Abu Dhabi crown prince holds talks with Moroccan PM – Arab News
RIYADH: Abu Dhabi Crown Prince Sheikh Mohammed bin Zayed held talks with Moroccan Prime Minister Aziz Akhannouch, who is currently on a working visit to the UAE, state news agency WAM reported on Saturday.
During the meeting, they discussed the now-running Expo 2020 Dubai and the importance of the participation of Arab countries in sharing the latest sustainability innovations and solutions with various participating countries.
The two sides discussed opportunities of further strengthening bilateral relations and the various aspects of cooperation, especially in areas of investment and economy, to spur the development drive in both countries.
“They also reviewed the latest developments in the Arab region and exchanged views over a number of regional and international issues of common interest,” WAM said.
Sheikh Mohammed also congratulated Akhannouch on his appointment as prime minister and the trust given to him by the king of Morocco to head the government, “wishing him success in his duties to serve his country and achieve the aspirations of his people for development and prosperity.”
TEL AVIVI: An Israeli hospital launched a clinical trial Monday on the impact of a fourth shot of the Pfizer-BioNTech coronavirus vaccine, as the health ministry weighs a national fourth jab rollout.
The study being conducted by Sheba Medical Center involves 150 volunteers from the hospital’s staff, who are at least four months removed from their third vaccine shot and have signs of waning antibodies.
Director of the Infectious Disease Epidemiology Unit at Sheba, Gili Regev-Yochay, said the study would assess the potential antibody boost from a fourth shot, the existence of adverse effects and whether an additional booster reduces the risk of infection.
Participants will be monitored for six months, she added.
Israeli health ministry spokeswoman Gal Rotem Golan told AFP that the ministry had approved the trial to “check the efficacy” of the fourth shot.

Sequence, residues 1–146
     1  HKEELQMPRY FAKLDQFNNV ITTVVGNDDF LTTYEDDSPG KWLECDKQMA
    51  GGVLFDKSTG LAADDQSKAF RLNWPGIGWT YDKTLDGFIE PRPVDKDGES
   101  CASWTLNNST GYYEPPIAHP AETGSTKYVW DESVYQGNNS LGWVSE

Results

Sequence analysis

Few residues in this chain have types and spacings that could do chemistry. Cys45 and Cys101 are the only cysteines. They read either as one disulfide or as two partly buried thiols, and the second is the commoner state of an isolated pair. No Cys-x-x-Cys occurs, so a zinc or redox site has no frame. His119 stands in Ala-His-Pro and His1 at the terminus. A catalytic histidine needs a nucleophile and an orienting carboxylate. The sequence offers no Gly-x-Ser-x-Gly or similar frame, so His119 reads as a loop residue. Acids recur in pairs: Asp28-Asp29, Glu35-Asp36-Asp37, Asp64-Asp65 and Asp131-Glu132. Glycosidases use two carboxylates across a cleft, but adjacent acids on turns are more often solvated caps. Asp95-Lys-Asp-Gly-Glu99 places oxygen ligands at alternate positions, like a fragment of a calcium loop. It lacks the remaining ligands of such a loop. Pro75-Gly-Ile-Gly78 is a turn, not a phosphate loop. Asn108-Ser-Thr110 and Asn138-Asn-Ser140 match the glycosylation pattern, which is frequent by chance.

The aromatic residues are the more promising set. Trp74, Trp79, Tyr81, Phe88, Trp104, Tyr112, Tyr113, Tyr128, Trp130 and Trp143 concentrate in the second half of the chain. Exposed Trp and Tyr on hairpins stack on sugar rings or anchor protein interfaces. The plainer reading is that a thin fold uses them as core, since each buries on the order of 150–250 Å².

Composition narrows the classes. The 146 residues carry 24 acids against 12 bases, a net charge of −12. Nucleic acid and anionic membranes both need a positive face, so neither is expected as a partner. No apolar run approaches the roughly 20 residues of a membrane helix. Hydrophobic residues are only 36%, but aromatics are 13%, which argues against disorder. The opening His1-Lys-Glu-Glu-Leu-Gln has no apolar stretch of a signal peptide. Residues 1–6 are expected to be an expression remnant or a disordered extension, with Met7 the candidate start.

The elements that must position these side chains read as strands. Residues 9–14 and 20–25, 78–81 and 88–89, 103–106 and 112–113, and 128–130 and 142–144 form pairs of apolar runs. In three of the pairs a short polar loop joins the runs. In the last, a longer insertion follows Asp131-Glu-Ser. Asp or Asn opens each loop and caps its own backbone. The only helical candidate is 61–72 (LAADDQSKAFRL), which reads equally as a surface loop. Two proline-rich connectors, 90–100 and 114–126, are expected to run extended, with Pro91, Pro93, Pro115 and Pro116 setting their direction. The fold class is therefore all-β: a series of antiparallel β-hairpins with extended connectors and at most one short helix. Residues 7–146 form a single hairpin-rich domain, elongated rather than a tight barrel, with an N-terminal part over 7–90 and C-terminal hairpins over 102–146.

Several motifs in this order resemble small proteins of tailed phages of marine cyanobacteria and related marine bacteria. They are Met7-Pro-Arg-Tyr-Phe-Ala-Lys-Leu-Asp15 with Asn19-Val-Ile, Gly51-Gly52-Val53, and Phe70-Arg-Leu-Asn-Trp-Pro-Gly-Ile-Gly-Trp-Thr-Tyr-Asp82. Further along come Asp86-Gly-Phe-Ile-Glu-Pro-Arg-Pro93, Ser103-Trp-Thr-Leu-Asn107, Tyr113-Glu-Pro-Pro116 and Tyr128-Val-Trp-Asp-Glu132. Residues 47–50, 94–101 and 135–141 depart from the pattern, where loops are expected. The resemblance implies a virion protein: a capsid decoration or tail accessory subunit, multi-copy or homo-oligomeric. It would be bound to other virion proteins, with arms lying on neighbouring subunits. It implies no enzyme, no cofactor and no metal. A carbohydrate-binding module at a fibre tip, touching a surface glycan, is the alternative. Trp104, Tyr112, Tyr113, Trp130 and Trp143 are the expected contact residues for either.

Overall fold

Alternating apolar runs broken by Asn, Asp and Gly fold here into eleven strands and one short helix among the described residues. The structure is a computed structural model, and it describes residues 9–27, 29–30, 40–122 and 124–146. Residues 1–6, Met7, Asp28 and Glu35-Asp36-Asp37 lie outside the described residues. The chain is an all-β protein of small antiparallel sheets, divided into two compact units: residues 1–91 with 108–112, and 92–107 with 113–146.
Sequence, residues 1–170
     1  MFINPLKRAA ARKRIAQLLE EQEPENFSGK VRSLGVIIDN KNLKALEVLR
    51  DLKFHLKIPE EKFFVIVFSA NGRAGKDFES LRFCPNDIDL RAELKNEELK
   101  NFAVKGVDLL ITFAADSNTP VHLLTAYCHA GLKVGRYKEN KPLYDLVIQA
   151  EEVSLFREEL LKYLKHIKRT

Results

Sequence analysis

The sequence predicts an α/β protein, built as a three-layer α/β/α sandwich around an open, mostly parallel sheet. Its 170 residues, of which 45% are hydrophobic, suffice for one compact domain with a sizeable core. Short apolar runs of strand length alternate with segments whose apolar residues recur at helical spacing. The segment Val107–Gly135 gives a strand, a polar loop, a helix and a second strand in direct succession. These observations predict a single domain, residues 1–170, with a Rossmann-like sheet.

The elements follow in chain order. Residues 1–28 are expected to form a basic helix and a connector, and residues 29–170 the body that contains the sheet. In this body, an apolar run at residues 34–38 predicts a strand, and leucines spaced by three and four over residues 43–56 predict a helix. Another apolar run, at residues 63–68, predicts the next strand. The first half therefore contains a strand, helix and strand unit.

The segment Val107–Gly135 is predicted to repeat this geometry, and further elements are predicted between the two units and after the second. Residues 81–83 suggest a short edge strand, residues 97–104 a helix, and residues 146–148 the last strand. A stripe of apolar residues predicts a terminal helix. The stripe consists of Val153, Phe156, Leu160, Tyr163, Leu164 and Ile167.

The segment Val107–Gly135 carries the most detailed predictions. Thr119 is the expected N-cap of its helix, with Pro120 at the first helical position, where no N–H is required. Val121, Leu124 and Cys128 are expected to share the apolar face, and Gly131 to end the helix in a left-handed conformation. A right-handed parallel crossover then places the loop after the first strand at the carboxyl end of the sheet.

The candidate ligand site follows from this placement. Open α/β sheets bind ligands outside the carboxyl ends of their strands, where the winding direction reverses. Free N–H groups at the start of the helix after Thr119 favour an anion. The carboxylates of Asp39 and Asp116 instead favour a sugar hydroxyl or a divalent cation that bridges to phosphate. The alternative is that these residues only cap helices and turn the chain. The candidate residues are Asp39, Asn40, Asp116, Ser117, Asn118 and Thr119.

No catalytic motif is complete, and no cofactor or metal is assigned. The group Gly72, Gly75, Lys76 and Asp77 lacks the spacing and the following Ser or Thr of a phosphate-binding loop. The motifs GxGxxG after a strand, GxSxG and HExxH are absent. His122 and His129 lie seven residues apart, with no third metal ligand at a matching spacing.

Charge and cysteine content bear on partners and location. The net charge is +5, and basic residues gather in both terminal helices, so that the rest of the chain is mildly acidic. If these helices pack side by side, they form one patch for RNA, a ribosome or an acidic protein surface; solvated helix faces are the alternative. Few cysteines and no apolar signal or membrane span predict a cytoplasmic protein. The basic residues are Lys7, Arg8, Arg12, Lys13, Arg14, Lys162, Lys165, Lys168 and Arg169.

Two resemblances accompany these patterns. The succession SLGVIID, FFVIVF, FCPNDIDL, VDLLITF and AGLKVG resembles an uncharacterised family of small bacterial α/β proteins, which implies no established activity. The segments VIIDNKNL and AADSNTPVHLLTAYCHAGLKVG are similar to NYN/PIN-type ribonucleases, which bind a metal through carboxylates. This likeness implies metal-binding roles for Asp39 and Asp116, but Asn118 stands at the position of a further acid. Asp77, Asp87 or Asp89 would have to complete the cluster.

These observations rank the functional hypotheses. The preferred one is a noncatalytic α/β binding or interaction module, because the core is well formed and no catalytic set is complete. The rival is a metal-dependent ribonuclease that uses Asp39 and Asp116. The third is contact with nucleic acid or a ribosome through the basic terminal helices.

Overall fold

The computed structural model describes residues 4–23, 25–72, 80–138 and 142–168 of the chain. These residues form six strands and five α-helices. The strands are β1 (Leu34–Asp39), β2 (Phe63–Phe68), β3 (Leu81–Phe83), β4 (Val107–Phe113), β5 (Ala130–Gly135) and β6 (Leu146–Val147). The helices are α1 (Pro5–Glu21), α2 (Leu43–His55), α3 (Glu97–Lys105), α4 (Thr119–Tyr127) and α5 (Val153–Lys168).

The study’s launch comes as Ministry of Health Director General Nachman Ash weighs the recommendation of an Israeli expert panel to begin administering a fourth vaccine shot to medical staff and everyone above 60 years old.
Prime Minister Naftali Bennett hailed the recommendation, which came earlier this month, citing the risk of the highly transmissible omicron coronavirus variant.
He said that Israel, which was among the first countries in the world to offer a third shot to the general public, would be a trailblazer for the fourth jab.
But the rollout is on hold, pending the health ministry’s approval.
Ash reportedly wants more time to assess the recommendation, as he awaits further data on the severity of infections caused by omicron.
Ran Balicer, chairman of Israel’s national expert panel on Covid-19, supported the trial as Israel is “the first (country) to have a large national cohort of third dose vaccinated people with substantial waning immunity.”
Heart transplant surgeon Jacob Levee, who is participating in the trial for the fourth shot, told reporters: “I did not want to expose the heart transplant patients I am taking care of to the potential of getting the omicron variant.”
Some 4.2 million of Israel’s estimated 9.3 million citizens have received three doses of coronavirus vaccine.
PARIS: A Frenchman held in Iran for more than 18 months on espionage charges he rejects has begun a hunger strike to protest at his detention conditions, his family said Monday.
Benjamin Briere, 36, was arrested in Iran last May, allegedly while flying a drone and taking photographs in a prohibited area.
“Benjamin started the hunger strike on December 25 because he was not allowed to call us for Christmas, but also to draw attention to the mistreatment he has suffered for twenty months,” his sister Blandine Briere told AFP.
“He sees no evolution in his case.”
His family describes him as an innocent tourist who set out in 2018 on a road trip in his camper van that began in Scandinavia before heading overland toward Iran.